Category Archives: Twitter

New Media and Democracy: From Trolls to Bots
Date Created: January 20, 2013  Date Modified: January 20, 2013

As mentioned in my earlier New Media and Democracy posts, the conservative coalition have had no qualms about enlisting the help from their young supporters to muddy the waters of political discourse, well it seems they have stepped up their game and hired a coder to automate their trolling with the use of bots.

Tiphereth Gloria, social media expert with VML Australia, said the bot evidence presented in the Storify post appeared to be accurate and she believes it pointed to a Liberal Party campaign. The fake accounts appeared to be part of a “propaganda war” effort to “increase share of voice of anti-Labor sentiment”.

Separately, other spam bot accounts are more blatant. One suspected anti-Labor bot Twitter profile with over 88,000 tweets is @LaborDirt, which pumps out a constant stream of anti-Labor content. Anti-Gillard account @GI-Gillard has reportedly been retweeted by the same bots that retweeted Mr Hunt’s tweet.
Source: SMH

A Storify user calling themself The Geek has followed this a little closer than I have:

Update 1: Since publishing this story earlier, I have put together a growing list of LNP Bots here:
https://twitter.com/geeksrulz/greg-hunt-bots/members
Also at last count 19 January 2013, there were about 40 genuine retweets out of 175 in total for this tweet. The Bots are tweeting via an app or platform called “The People’s Voice”. Has anyone heard of this? Contact me @geeksrulz on Twitter.
Update 2: I tweeted a link last night to my storify feature is.gd/3r9Xj1 to @GregHuntMP for comment. No response so far.
Update 3: Since shining a light on this single tweet by Greg Hunt, the retweets have jumped to 192. They are by real LNP supporters who are possibly coming to Greg Hunt’s rescue to even up the ratio between spambots and real people.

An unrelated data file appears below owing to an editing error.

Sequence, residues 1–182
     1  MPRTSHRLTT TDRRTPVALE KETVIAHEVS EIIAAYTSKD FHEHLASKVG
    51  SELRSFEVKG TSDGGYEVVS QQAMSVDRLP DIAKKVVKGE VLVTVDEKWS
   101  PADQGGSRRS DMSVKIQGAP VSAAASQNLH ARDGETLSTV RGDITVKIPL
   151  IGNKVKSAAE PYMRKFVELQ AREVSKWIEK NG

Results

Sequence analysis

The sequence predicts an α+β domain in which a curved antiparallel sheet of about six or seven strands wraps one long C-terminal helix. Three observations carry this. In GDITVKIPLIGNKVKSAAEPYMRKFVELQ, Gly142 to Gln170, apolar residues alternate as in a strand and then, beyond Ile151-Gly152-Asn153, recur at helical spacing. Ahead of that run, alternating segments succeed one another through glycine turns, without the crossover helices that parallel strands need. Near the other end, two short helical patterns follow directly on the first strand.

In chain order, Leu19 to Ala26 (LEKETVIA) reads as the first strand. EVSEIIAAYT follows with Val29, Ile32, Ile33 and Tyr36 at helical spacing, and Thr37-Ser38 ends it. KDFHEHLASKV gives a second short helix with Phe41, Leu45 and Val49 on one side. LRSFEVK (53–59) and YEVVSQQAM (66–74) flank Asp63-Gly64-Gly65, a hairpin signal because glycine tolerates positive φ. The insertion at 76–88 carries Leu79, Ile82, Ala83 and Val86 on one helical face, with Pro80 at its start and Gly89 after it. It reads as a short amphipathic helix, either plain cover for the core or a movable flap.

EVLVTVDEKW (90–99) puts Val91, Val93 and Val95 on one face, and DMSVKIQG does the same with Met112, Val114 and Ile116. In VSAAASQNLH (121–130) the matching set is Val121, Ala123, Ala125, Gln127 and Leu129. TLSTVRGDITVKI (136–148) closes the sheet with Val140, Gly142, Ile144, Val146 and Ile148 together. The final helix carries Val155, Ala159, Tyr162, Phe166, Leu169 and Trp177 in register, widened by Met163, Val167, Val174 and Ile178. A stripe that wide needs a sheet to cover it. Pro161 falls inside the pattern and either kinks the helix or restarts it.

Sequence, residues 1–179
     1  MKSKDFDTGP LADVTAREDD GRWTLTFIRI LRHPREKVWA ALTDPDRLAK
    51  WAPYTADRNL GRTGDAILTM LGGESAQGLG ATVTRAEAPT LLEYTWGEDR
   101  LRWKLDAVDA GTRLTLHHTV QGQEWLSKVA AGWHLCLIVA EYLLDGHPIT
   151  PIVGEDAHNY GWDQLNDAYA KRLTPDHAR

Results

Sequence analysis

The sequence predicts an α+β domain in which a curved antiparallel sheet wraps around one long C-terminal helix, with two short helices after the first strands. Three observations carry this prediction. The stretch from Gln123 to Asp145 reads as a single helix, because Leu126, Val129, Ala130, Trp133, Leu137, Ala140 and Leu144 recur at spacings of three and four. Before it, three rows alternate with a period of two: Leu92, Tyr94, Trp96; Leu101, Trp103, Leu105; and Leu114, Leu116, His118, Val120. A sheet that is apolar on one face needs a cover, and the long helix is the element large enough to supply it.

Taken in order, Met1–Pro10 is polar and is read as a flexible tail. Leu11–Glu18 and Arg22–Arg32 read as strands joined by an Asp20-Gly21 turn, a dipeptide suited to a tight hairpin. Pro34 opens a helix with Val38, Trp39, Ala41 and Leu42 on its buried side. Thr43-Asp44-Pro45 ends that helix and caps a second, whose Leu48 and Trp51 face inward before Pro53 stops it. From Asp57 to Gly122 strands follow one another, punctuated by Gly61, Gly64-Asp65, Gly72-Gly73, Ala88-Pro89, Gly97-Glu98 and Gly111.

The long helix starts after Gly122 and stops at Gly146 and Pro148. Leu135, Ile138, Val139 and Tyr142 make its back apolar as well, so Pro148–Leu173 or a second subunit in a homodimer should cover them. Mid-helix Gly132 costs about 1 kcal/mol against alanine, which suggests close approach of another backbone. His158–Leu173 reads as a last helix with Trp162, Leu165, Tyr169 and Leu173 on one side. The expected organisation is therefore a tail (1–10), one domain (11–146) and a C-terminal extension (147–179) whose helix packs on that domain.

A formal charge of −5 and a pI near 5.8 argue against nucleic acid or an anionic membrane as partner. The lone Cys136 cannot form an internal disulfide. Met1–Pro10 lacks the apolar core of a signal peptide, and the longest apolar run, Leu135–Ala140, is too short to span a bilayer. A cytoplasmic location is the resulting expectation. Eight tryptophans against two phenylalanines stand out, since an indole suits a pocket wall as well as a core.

Update 4: It appears that Twitter has finally acted and they have suspended the spambots that were identified. With friends like these, who needs enemies.

Update 5: Henk Luf is threatening to sue me for using his name in this feature. (Oops just did it again.) I have threatened to sue him back if he keeps using my name in his political tweets. Please go to the special Henk Luf section below if you can be bothered. See, spambots are missing out on all the fun that real people have 🙂
Update 6: Finally a response from Greg Hunt via @bennpackham. Greg Hunt says he hasn’t got the technical skills to pull off such a ruse. Fair point. I wonder how he managed to get his website up and running.
http://storify.com/geeksrulz/the-desperation-of-a-liberal-mp

He goes on to point out further details of this troll, and even gives an example of another Conservative MP doing the same…

Can we make legaslative provisions to prevent this type of trolling? or will we just be making an over-regulated online media? I dont have a solution to this other that teach ethics in Computer Science 101.

[REPORT] Social Media as a Tool for Inclusion
Date Created: November 6, 2012  Date Modified: November 19, 2012

I was quite interested in this report by the Canadian Human Resources and Skills Development Canada; Social Media as a Tool for Inclusion. I have looked into some of the issues around special-needs users of the internet, and have dealt with web accessibility in the front lines, but what piked my interest in this report was that it covered two demographics often overlooked–Indigenous and the homeless.

The objectives of the study were to determine the extent, nature and benefits of social media use by five vulnerable populations – Aboriginal peoples, people with disabilities, recent immigrants, the homeless and seniors – and by the institutions that serve them, and to explore the extent to which such media help to overcome social isolation and barriers to inclusion

The homeless are often an invisible demographic, and in a traditional web1.0 paradigm the notion of sitting down to a desktop computer to surf the internet is not seen as in the capacity for the homeless, however the more the net has moved onto devices the more uptake and more visible this demographic will be. The digital divide persists, but the advances of technology are making it easier for users with limited means to be able to access the digital realm.